So now comes “securing research funding”. In order to be successful in academic research, I must obtain research funding from one of the major agencies: NSF, National Institutes of Health, NASA, Department of Energy, etc. There’s a lot of smaller agencies, foundations, state-level agencies, etc that provide research funding as well, mostly for new faculty- and I am grateful for their past support- but I can’t make a career off of those agencies. The success rate for the major grants is, as you can guess, about 10%. Rumor is, next year NIH is going to be at 5%.

Think about it- after 30+ years of striving and competing to beat out 90% of my peers, again and again, here I am again, tossed into the pool. Only now *everyone in the pool* has been in the top 10% of their peers for 30+ years. This is like making it to the Pro Bowl in professional football, or the All-Star game in baseball. Except, if I don’t get a grant within the next 5 years, I most likely won’t get tenure, which means I lose my job (most people don’t realize that getting rejected for tenure is the same as getting fired). Again, this is a lot of stress- unless I make it to the Pro Bowl, get a top-10 record, or something similar during the next 5 years, I’m out. This continued level of stress makes some people behave badly.

Now, this is not the first rejected application I’ve had. I’ve applied to NIH twice before, the first time the application was ‘triaged’, and the second time it got scored. This NSF application was ranked ‘Low Priority’, which is equivalent to getting a score- it was not give a ‘Not Competitive’ rank. It’s important to *read* the reviewer comments.

My first NIH proposal (two years ago), was ‘triaged’- it was judged to be in the bottom 50% of proposals and not scored or discussed during the review session. But, the reviewer comments had a *lot* of helpful information- what made sense, what was weak, etc. So, I gave myself permission to drink the pain away for a day or so, then sat down and carefully read the reviewer comments. I re-wrote my application addressing (I thought) all of the comments, resulting in a stronger proposal. And the next round, it indeed was a stronger proposal- I got a score. But the reviewer comments were *terrible*- there was nothing I could do to address them. The comments were essentially “We don’t think you can do the work you say you can do. Even if you are able do the work you say you can do, we don’t think you will get any results worth publishing. Even if you get results and publish them, nobody will care about the papers.” *That* hurt.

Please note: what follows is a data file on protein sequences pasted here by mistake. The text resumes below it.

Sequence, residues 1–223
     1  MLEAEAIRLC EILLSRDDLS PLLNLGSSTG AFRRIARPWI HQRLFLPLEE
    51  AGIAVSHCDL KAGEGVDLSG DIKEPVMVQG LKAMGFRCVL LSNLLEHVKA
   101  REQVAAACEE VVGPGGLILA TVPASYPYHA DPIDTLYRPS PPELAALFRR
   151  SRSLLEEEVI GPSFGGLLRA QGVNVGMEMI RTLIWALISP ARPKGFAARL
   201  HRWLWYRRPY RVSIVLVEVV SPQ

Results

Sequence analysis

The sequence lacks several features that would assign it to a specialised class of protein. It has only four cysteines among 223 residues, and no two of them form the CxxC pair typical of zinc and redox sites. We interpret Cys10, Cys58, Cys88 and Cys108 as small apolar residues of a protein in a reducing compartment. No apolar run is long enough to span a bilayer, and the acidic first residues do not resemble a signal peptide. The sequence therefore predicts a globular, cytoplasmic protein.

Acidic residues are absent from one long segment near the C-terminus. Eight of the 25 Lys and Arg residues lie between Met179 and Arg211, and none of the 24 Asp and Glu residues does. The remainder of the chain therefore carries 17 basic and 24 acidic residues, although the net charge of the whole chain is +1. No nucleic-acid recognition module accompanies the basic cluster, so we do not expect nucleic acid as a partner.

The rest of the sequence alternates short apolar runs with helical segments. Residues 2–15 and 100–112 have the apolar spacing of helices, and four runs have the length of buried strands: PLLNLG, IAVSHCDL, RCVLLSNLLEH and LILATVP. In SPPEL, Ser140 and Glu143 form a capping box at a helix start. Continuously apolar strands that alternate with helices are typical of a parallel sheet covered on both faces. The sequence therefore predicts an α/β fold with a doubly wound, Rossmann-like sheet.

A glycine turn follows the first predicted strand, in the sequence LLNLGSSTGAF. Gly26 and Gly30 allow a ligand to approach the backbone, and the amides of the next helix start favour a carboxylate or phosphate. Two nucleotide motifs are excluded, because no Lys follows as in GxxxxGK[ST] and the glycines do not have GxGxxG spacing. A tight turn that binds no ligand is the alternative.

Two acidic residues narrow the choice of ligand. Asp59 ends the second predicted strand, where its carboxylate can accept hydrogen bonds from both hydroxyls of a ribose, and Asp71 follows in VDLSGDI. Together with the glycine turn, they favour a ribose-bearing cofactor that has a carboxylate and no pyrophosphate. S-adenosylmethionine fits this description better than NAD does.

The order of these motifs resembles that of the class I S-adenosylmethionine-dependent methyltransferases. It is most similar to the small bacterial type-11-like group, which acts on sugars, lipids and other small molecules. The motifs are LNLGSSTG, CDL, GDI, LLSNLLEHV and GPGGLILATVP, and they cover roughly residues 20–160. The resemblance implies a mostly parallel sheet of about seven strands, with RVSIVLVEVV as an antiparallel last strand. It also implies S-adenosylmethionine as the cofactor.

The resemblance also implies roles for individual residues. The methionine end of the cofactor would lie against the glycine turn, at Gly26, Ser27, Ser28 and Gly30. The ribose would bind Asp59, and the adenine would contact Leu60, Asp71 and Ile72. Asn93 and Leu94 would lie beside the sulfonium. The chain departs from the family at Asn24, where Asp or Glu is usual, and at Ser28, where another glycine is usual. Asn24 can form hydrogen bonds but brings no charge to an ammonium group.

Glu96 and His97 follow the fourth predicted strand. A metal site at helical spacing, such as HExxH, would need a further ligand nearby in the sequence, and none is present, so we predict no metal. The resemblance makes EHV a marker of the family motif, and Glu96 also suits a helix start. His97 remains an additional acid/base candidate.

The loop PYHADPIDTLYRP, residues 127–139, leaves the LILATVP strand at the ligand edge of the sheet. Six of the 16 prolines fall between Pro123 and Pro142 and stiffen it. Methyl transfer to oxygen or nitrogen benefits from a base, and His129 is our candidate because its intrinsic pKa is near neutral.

So, my NSF proposal was not “Non Competitive”, and the reviewer comments are helpful- nobody said my idea is worthless, but that my proposal was ‘immature’, and there are gaps in the logic. That’s something I can work with. I’ll resubmit next year, and I have a total of three chances to get this particular award (NSF CAREER)

One final comment, since this post is starting to ramble- I am *extremely lucky*. Many of my peers- new/new-ish faculty- are at institutions that require ‘salary recovery’. That is, in order to get paid, they have to get grants. I am lucky in that even though I have been (yet again) rejected, I can still put food on the table.


Posted December 20, 2010 by resnicklab in Uncategorized

6 responses to “Science is… rejection.